Histories of Race and Racism in the Arts in Education: Colonialisms, Subjectivities, and Cultural Resistances
In this introduction to Section I, the authors summarize the chapters along three themes that point to the relationship between colonization and racialization through the arts. First, the authors draw connections between arts education and colonization as explored in the chapters. Second, the authors discuss how the chapters show how the very idea of “the artist” is rooted in racist and colonial logics that imagine a certain kind of subject as “talented” and able to produce “works of art.” Third, the authors discuss how the chapters document examples of cultural resistance to colonization and racialization. The chapters in Section I contribute not only to our understanding of the arts as white property but also to the complex relationship between racism and colonization.
KeywordsColonialism Subjectivity Resistance Race Racism History Counterstorytelling Narrative Talent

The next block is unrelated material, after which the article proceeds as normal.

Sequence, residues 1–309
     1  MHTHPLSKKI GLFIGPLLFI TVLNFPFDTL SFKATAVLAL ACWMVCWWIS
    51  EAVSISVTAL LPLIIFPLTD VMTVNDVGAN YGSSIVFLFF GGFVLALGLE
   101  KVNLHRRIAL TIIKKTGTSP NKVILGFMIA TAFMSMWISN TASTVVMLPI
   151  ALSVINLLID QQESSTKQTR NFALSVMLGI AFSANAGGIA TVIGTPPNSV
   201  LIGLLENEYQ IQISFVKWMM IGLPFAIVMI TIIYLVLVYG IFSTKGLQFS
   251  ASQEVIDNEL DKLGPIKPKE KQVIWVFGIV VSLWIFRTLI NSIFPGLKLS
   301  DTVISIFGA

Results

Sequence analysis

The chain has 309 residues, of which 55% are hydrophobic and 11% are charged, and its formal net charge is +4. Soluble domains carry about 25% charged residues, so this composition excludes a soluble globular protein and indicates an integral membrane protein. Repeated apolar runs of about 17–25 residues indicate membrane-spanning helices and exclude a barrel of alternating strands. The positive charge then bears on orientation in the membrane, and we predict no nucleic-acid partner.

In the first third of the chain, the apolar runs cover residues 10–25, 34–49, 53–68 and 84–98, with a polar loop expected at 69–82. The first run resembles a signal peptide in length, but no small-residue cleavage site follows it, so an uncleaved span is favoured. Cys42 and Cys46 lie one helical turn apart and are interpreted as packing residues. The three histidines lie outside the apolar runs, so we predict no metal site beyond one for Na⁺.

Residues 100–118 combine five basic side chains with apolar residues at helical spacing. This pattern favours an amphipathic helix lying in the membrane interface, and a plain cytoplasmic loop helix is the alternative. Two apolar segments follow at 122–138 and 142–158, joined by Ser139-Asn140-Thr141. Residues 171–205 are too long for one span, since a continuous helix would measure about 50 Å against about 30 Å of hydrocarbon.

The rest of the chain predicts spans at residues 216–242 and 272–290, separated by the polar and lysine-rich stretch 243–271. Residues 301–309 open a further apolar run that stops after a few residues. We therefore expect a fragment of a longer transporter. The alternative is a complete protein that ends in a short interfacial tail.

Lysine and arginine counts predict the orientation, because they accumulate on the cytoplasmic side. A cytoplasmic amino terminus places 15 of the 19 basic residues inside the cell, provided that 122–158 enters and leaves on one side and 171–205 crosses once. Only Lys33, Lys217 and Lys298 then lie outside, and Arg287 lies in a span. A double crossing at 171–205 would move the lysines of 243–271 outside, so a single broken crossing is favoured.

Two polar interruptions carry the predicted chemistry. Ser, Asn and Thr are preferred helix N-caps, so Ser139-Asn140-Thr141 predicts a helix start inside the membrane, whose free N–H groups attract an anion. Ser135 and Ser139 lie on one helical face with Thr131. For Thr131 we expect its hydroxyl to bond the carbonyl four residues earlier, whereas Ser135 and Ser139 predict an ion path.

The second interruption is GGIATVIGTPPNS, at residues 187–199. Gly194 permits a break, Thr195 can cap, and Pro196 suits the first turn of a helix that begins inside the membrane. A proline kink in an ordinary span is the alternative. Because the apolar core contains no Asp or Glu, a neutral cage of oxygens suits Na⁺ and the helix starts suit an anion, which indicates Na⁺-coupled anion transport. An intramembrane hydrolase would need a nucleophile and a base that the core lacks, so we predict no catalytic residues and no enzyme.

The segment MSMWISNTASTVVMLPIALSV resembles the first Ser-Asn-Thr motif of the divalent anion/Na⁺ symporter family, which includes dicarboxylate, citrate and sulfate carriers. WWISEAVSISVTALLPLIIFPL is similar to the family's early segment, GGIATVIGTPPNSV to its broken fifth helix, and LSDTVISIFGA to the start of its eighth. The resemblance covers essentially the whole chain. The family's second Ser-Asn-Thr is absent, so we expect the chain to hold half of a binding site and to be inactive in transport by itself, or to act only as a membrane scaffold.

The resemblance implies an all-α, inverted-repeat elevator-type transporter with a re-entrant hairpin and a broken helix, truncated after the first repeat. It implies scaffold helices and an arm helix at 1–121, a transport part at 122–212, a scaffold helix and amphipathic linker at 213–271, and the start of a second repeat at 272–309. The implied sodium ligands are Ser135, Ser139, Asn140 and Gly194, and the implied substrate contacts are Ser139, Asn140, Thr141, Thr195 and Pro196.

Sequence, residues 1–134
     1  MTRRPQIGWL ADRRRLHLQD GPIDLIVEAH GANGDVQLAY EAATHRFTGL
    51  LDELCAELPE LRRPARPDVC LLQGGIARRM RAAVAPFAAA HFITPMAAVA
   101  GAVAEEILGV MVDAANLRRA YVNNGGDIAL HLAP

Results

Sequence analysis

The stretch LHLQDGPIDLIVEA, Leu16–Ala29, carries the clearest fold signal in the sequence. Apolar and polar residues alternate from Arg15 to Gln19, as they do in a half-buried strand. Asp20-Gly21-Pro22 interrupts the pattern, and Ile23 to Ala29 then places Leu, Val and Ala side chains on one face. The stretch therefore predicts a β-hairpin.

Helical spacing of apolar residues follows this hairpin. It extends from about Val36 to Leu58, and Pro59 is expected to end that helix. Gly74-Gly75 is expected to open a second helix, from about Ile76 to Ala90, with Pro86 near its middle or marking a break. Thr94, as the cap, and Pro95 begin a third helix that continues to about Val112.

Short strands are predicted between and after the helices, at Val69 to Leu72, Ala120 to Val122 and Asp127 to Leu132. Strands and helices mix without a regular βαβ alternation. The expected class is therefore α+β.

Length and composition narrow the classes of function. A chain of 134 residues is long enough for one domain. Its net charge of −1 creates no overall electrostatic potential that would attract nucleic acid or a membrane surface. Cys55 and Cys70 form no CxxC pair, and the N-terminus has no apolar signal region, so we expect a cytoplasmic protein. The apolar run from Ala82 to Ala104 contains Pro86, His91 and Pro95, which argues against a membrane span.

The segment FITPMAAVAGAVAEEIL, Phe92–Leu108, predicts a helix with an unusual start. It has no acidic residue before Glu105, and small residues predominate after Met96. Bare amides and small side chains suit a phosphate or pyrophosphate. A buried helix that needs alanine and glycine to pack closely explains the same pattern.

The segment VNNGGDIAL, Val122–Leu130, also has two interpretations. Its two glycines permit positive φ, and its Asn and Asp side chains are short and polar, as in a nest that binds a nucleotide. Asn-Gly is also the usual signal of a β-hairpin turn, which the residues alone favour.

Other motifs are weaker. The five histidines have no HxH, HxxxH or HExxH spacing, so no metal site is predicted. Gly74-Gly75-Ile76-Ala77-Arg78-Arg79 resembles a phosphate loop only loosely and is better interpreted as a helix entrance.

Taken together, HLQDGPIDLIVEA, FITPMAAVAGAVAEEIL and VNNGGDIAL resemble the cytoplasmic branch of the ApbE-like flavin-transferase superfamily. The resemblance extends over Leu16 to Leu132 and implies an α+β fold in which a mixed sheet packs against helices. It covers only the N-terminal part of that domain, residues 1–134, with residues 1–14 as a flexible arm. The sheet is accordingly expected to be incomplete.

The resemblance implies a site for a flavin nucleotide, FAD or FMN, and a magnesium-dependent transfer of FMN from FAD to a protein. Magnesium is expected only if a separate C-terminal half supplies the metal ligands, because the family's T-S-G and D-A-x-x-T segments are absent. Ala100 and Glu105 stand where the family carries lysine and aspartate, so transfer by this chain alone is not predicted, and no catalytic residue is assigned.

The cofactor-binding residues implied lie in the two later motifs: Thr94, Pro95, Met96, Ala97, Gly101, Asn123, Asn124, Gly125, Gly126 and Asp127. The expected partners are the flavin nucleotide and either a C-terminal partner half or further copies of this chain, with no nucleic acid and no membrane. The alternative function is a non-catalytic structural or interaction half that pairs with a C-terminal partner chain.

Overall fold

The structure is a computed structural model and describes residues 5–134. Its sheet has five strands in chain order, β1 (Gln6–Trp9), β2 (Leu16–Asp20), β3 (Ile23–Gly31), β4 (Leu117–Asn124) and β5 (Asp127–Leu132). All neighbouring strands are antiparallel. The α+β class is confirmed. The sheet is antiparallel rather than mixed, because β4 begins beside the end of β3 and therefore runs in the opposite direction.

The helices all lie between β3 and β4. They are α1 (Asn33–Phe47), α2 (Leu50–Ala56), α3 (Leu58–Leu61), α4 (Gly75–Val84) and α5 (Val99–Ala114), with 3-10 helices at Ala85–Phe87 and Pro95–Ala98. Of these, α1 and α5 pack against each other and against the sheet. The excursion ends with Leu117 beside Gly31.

- Bolin, P. E., & Kantawala, A. (Eds.). (2017). Revitalizing history: Recognizing the struggles, lives, and achievements of African American and women art educators. Wilmington, DE: Vernon Press.Google Scholar
- Soussloff, C. (1997). The absolute artist: The historiography of a concept. Minneapolis, MN: University of Minnesota Press.Google Scholar
- Walcott, R. (2014). The problem of the human: Black ontologies and ‘the coloniality of our being’. In S. Broeck & C. Jonker (Eds.), Postcoloniality-decoloniality-black critique: Joints and fissures (pp. 93–105). New York: Verlag.Google Scholar
- Wittkower, R., & Wittkower, M. (1963). Born under Saturn. The character and conduct of artists: A documented history from antiquity to the French Revolution. London: Weidenfeld and Nicolson.Google Scholar